Vatsala Mendonca's novel When God Died was released at the Yacht Club in Mumbai last month. Glimpses from the event:
Ajit Balakrishnan's opening remarks introducing the novel to the audience:
This is the story of Maria Isabella de Furtado set in the 17th century, but has relevance to our current 21st century lives.
Maria's struggles, as I see, is not unlike the struggles that many women even in our times have to endure.
Maria was born to an aristocratic Portuguese family, but that again, instead of that making her powerful, makes her the target of many swirling waves.
The author, in recounting Maria's struggle, constantly draws parallels with the life of another Portuguese aristocratic girl that all of us Mumbaikars have heard about: Catarina de Braganca who carried as her dowry to Charles II of England, the seven islands of Bombay.
Maria is sent off to Goa to be married the same year, as it happens, that Catarina was sent off to England.
Maria's story has bearing on it the many conflicts and pressure of that era: Colonialism's hand is everywhere. People are allocated work as slaves or masters based on their racial origin and not their work ability.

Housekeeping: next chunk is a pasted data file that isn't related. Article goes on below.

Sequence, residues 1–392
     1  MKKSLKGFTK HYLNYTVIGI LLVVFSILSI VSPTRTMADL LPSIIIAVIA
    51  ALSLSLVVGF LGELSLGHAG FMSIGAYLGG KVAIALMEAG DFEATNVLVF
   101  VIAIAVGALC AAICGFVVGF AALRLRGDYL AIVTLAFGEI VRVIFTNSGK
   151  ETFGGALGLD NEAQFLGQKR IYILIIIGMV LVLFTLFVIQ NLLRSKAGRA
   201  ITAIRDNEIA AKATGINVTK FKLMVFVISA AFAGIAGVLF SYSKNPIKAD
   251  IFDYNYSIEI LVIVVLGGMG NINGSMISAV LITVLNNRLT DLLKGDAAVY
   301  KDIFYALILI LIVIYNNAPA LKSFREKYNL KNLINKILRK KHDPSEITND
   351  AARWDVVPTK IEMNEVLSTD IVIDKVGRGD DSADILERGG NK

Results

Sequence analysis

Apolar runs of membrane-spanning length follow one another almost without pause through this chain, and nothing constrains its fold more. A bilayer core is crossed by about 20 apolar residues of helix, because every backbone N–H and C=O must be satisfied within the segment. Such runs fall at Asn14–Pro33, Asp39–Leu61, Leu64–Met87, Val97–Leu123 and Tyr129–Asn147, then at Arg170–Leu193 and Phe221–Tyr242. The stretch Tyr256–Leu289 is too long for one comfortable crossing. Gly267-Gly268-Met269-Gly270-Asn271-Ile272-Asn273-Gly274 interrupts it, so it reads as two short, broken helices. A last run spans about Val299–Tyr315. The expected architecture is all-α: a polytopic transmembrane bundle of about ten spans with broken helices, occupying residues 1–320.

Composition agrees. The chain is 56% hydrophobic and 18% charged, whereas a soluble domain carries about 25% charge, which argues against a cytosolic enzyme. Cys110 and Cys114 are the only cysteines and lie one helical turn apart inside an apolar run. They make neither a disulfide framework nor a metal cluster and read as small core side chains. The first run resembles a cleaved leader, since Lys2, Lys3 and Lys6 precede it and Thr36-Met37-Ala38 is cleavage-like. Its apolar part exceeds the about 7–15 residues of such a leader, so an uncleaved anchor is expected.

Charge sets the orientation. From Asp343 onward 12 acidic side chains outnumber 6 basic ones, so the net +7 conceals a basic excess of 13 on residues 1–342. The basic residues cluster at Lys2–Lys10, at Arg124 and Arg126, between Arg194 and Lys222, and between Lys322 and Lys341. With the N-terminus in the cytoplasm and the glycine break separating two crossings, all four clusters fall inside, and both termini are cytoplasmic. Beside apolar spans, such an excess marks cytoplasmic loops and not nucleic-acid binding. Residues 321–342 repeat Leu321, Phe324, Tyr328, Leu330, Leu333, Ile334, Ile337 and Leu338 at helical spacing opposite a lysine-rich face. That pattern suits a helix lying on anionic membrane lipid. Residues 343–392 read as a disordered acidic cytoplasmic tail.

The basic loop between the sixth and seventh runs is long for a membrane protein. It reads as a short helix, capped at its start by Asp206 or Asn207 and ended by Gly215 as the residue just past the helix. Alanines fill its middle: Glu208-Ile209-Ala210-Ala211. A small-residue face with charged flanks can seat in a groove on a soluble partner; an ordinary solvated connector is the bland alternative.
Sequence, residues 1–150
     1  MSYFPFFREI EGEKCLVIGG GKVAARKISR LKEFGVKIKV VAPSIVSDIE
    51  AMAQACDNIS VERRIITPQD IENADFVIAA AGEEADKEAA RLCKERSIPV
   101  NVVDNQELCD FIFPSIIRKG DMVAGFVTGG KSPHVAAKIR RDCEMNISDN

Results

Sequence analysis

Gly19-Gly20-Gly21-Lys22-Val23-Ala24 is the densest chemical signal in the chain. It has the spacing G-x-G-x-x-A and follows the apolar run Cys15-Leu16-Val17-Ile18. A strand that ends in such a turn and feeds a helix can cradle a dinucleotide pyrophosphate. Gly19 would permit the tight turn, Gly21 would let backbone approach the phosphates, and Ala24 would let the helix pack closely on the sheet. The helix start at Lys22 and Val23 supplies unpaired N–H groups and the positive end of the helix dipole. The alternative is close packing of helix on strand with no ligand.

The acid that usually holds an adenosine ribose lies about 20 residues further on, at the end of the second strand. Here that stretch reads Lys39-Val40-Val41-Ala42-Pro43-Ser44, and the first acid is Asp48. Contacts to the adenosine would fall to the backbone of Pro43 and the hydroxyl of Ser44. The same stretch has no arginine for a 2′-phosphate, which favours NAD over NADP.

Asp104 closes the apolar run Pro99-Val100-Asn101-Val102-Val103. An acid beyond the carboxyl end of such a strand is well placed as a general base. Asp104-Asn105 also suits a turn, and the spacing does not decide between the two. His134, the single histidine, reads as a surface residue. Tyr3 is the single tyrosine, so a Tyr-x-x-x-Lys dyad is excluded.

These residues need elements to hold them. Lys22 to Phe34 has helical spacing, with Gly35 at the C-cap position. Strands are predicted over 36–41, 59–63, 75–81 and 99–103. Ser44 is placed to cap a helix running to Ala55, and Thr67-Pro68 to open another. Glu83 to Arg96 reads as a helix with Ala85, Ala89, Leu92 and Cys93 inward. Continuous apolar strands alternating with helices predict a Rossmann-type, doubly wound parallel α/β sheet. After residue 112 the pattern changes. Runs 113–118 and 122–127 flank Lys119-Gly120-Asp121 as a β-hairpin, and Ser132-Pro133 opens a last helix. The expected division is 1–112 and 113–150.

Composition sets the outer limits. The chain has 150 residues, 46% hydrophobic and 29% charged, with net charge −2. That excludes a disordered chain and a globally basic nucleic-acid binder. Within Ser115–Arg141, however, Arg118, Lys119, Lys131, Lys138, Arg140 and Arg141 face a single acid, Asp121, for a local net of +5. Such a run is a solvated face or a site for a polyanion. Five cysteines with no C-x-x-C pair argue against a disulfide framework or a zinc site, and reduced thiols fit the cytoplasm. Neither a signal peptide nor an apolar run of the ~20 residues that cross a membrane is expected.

Women are assigned clearly to their duty of bearing children to look after their male partners. Men were free to openly enjoy their lives with several mistresses.
Slaves from Africa, brought to Goa by the Portuguese intermarry with local Goans. The lingua franca is Portuguese, Konkani and even English. The Catholic Church and its bishops and priests are also active players in the struggle for power and wealth.
And, above all, a patriarchal society where women are expected to be submissive to men.
Dona Maria (let me out of respect for Maria add that prefix) gamely and quietly struggled through the many complex challenges that life throws at her and finds a solution to her challenges in the end.... just like Catarina de Braganca did.
In narrating the Maria story, the author, in the tradition of Margaret Atwood's A Handmaiden's Tale, Sandra Cisneros' The House on Mango Street and Arundathi Roy's The God of Small Things, places the protagonist challenges within the context of class and caste and religious and, most of all, patriarchal conflicts and ultimately finds strength and hope, inspiring readers to pursue their dreams and carve their own paths.
Feature Presentation: Ashish Narsale/Rediff.com